Marketers should also think about what metrics really mean in the age of automation-driven and data-driven offerings, and especially about the higher-level commercial and economic metrics that embody and represent the true status of the markets within which they operate.
This piece concludes by discussing three examples: reimagining basket metrics, total factor productivity and the human development index.
Recent research focuses on the harmful effects of problematic spending and social and life outcomes.
Simple basket size and spend metrics are common decision making and reporting measures in retail analytics. What is captured is the ‘how’ consumers spend, but often not ‘why’. Basket metrics (alongside conversion metrics) can be used to paint rose-coloured picture of profit-focused merchant success, whilst potentially neglecting the effects on society of what is sold.
This ranges from the real impacts of business models, such as those often seen in fast fashion to the marketing of gambling, which “is an ordinary pastime for some people, but is associated with addiction and harmful outcomes for others”, to the problematic advertising practises of alcohol vendors.
Basket metrics should be further broken down into ‘healthy spending’ metrics (e.g. by percentage of basket). This covers sectors such as retail (e.g. via healthy eating), as well as metrics used in financial services (e.g. what percentage of credit card spend is normal and sustainable for the consumer). Non-essential retailers should also employ this perspective in reimagining their sales and profit metrics (discretionary spend metrics) along the lines of net-zero purchase.
Key Marketing Takeaway: Sell for the right reasons and pursue a broader definition of profit that encompasses societal well-being.
Total factor productivity
Automation “enables capital to replace labor in tasks it was previously engaged in” and “recessions play a crucial role in promoting automation and the reallocation of productive resources”.
Automation technologies such as AI are often argued to present economies with opportunities to yield net-benefits based on the absorption of shorter term displacement costs being outweighed by longer term labour force mobility towards higher value-adding jobs in higher-profit sectors.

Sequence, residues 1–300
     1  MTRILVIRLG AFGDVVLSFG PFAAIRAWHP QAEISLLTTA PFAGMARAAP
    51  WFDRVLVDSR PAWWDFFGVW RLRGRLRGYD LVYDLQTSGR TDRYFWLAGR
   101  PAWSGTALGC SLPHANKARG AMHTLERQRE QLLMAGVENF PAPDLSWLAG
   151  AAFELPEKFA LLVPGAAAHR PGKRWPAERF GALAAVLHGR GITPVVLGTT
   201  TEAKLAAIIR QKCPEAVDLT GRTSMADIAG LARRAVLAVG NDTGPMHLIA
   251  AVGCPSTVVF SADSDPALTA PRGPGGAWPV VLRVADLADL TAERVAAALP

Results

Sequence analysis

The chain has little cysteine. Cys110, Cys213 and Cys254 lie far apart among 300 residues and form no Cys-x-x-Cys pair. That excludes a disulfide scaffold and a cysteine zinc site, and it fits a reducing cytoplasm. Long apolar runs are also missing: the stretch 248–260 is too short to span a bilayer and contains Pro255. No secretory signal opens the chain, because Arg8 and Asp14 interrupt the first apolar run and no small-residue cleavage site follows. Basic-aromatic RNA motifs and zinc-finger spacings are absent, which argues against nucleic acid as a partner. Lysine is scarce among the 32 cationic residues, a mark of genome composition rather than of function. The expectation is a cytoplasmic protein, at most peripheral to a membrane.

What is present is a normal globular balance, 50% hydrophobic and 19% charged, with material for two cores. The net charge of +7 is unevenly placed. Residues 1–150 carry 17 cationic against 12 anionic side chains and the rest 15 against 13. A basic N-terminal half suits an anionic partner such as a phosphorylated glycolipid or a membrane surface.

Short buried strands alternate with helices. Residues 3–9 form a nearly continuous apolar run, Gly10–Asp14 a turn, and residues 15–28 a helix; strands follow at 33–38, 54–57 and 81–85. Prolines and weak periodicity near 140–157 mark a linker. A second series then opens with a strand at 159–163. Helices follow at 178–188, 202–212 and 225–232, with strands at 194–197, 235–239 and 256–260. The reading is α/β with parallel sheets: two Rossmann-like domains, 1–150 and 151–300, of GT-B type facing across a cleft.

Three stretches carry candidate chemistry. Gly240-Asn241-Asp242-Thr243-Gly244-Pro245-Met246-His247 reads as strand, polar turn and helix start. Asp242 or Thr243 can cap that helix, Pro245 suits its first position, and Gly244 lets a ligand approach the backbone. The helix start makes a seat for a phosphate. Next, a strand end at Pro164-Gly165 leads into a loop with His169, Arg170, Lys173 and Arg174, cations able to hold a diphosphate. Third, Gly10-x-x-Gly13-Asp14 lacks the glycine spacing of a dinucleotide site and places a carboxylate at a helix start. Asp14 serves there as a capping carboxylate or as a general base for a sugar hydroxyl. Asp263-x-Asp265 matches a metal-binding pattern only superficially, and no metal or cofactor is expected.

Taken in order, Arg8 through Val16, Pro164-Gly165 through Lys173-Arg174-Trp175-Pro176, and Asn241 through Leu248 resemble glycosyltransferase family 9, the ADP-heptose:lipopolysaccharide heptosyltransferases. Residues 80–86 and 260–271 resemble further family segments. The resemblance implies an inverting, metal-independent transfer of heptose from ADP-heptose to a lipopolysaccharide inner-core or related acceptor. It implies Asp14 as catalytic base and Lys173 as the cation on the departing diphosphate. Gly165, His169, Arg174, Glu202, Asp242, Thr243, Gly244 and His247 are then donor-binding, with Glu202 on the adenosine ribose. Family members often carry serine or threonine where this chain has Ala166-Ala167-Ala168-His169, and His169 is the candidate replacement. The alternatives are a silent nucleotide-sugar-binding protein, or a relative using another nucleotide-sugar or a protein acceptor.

There remains however the risk that “in an automation scenario where low wage occupations are more likely to be automated than high wage occupations, the network effects are also more likely to increase the long-term unemployment of low-wage occupations”.
This is where economic measures such as Total Factor Productivity (TFP) or multi-factor productivity become very interesting, as they represent measures of economic efficiency – and which in the UK, “fell by up to 5% during 2020-21” (via “large reductions in ‘within-firm’ productivity, with an offsetting positive ‘between-firm’ effect as less productive sectors, and less productive firms within them, contracted”).
Essentially – despite initial sunk costs for firms in either off-the-shelf or proprietary automation technologies – TFP, measured as “the efficiency with which inputs are converted into outputs” should improve, and should do so, simultaneously, such as to “deliver the same revenue to the Exchequer but without the downward pressure on employment” and with a net gain for both consumers and the labour force.
Key Marketing Takeaway: Production efficiency and profit maximisation must be balanced with the creation of education opportunities and better jobs.
Human development index
HDI underscores the principle “that people and their capabilities should be the ultimate criteria for assessing the development of a country, not economic growth alone”.
By contrast: “gross domestic product (GDP) is the standard measure of the value added created through the production of goods and services in a country during a certain period”.
HDI encompasses life expectancy/longevity, knowledge (based on education level attained), and standard of living based on GNI and is important given that GDP “falls short of providing a suitable measure of people’s material well-being”. Our World in Data provides an overview of how countries around the world compare along the lines of this metric.
As developers and sellers of the goods and services that shape society – marketers should prioritise the deployment-to-market of innovations that achieve both financial and societal profitability. Rising to the challenge: Starling bank is a great example of future-proofed business model innovation and marketing with consumer financial welfare front and centre. Similarly, Sainsbury’s programme: “Help Everyone Eat Better” focuses on purpose, rather than the bottom line.
Key Marketing Takeaway: Develop and sell products and services that enable and support long, healthy and prosperous lives, and “tackling inequality starts with good measurement”.